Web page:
Consider, for example, being the sentencing judge for a rapist who was just convicted in your court. Suppose that he has since suffered an illness that has left him physically incapacitated so that he cannot rape again, and that he has enough money to support himself without resorting to criminal activities. Suppose that this suffices to ensure that there is no need to deter or incapacitate him to prevent him from committing serious crimes in the future. Suppose, in addition, that you could sentence him to spend his days on a tropical island where he has always wanted to go, and where he will spend most of his days relaxing and pursuing his interests. You can, however, impose one condition on his time there: he must regularly report to a prison to be filmed in prison garb, and these videos will be posted online, sending the message that he is serving hard time for his crimes. As long as this ruse is secure from discovery, it could meaningfully contribute to general deterrence. But even if the goods normally cited by consequentialists to justify punishment—incapacitation and deterrence—are achieved, is that the sentence he should receive? Many share the intuition that there is still some reason to want him to be punished more harshly
retributivism provides a necessary condition for punishment, but consequentialist considerations provide the reasons to punish
five elements of punishment that are central for the purpose of understanding retributivism
First, punishment must impose some sort of cost or hardship on, or at the very least withdraw a benefit that would otherwise be enjoyed by, the person being punished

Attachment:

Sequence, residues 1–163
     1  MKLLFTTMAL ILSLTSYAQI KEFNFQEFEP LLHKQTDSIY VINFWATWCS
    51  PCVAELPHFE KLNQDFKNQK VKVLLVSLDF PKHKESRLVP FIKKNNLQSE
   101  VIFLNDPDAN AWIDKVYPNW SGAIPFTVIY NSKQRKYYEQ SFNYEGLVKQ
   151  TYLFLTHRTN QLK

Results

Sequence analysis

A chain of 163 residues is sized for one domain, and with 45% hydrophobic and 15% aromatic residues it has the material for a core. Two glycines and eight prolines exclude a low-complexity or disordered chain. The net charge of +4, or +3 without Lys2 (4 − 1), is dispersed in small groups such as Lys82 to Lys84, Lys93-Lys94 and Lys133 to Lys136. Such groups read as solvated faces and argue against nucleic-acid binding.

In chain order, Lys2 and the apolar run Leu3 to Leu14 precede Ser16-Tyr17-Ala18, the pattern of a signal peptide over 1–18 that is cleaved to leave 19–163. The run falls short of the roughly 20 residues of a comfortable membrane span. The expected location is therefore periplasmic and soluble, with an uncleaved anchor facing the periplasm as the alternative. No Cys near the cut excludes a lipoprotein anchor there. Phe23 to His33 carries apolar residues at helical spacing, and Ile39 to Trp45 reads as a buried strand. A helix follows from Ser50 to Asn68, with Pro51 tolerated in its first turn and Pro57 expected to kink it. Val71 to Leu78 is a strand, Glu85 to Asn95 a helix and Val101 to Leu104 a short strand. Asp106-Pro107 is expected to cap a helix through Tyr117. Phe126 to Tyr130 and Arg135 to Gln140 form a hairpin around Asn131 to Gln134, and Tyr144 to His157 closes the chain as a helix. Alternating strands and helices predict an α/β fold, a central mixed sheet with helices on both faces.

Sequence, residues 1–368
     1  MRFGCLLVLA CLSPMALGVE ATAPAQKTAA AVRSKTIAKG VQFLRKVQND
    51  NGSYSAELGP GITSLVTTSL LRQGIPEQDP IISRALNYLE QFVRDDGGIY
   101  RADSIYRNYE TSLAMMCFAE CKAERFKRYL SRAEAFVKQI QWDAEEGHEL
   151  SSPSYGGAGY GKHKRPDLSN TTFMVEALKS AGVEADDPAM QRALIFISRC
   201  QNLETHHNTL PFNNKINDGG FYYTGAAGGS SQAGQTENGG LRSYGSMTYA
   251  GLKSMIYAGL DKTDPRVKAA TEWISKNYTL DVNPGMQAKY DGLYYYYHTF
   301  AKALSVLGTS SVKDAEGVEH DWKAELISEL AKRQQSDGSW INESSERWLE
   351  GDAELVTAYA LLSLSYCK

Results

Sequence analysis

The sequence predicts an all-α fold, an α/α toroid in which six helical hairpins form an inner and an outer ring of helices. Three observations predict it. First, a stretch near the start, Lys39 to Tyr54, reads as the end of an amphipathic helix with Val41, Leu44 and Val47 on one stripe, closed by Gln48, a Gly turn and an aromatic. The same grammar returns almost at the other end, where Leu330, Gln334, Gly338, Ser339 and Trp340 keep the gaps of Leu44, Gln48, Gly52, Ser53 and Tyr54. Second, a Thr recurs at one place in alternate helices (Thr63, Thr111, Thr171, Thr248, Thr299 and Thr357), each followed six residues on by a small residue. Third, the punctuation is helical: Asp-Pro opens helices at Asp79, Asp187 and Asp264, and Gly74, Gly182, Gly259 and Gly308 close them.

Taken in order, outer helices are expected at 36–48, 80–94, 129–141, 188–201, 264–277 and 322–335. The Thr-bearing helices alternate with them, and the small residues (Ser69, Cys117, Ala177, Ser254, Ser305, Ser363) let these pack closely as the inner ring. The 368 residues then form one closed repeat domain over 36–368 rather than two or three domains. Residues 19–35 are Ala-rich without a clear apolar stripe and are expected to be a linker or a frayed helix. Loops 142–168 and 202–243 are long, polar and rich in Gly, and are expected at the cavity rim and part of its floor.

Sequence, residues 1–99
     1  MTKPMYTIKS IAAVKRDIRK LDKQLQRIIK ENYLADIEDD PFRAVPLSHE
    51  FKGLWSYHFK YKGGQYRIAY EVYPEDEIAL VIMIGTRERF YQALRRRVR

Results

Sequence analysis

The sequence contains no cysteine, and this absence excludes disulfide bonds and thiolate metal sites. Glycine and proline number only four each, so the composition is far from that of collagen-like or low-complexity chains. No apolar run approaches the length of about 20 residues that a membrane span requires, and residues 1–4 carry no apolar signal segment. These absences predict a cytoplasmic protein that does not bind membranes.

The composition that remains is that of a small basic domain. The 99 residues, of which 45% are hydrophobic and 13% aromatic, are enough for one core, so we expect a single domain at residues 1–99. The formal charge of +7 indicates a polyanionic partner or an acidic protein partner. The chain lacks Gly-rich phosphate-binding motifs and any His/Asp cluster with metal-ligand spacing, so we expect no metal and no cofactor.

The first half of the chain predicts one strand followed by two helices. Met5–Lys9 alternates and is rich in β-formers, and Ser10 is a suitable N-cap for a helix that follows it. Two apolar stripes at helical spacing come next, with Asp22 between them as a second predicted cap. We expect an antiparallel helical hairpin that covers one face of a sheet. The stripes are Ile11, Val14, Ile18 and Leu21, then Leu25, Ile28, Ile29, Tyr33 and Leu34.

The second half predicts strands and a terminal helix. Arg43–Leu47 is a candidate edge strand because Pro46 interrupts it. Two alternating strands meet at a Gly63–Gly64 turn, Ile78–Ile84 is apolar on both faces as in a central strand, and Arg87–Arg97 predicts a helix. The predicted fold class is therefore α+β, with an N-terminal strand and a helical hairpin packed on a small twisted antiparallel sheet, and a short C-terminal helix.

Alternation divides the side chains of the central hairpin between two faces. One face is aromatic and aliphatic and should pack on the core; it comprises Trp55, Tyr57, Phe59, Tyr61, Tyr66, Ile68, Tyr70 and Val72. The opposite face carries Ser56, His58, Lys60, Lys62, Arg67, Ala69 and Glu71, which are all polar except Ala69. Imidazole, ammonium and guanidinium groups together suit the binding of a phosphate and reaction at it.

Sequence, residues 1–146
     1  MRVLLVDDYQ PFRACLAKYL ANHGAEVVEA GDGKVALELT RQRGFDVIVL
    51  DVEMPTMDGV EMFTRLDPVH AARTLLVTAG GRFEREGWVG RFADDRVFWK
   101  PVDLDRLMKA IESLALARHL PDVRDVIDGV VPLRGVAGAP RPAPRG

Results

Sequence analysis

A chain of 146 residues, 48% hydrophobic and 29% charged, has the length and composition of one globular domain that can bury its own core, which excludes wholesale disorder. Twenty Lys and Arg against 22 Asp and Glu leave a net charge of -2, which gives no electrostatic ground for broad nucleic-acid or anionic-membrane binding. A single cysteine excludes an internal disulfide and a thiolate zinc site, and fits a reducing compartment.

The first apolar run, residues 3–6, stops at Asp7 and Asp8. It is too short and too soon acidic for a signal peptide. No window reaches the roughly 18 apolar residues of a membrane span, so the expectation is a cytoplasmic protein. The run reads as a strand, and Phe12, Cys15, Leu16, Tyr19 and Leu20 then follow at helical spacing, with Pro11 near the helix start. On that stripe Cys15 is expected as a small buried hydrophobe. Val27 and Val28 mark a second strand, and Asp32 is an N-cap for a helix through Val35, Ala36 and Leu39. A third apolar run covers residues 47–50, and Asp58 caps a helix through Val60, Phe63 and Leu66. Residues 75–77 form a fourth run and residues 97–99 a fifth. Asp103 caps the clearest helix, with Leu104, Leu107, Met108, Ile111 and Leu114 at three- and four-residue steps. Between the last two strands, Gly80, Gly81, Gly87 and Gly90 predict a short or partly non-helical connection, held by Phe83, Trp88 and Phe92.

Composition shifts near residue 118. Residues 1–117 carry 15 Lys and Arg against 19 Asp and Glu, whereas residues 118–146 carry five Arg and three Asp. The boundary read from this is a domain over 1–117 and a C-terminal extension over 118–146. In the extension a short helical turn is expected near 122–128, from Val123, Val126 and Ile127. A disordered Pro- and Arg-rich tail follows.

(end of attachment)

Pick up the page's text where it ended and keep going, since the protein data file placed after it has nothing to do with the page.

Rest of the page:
Second, the punisher must inflict hard treatment intentionally, not as an accident, and not as a side-effect of pursuing some other end
Third, the hardship or loss must be imposed in response to an act or omission
Fourth, the act or omission ought to be wrongful.
Fifth, it is best to think of the hard treatment as imposed, at least in part, as a way of sending a message of condemnation or censure for what is believed to be a wrongful act or omission
The paradigmatic wrong for which punishment seems appropriate is an intentional or knowing violation of the important rights of another, such as murder or rape
One prominent way to delimit the relevant wrongs, at least for state punishment, is to say that only public wrongs may be the basis for punishment
hree ideas that are sometimes confused with retributivism: lex talionis, retrospective criminal justice, and sublimated vengeance.
retribution … comes from Latin … retribuere [which] is composed of the prefix re-, “in return”, and tribuere, literally “to divide among tribes”
tort-like idea, that when members of one tribe harm members of another, they have to pay compensation to keep the peace
oncept of retributive justice has evolved, and any quest for its justification must start with the thought that the core of the concept is no longer debt repayment but deserved punishment.
positive desert claim holds that wrongdoers morally deserve punishment for their wrongful acts
[A] retributivist is a person who believes that the primary justification for punishing a criminal is that the criminal deserves it”
there is some intrinsic positive value in punishing a wrongdoer
the view that wrongdoers forfeit their right not to suffer proportional punishment, but that the positive reasons for punishment must appeal to some other goods that punishment achieves, such as deterrence or incapacitation
Wrongdoing, on this view, is merely a necessary condition for punishment.
negative retributivism seems the most apt,
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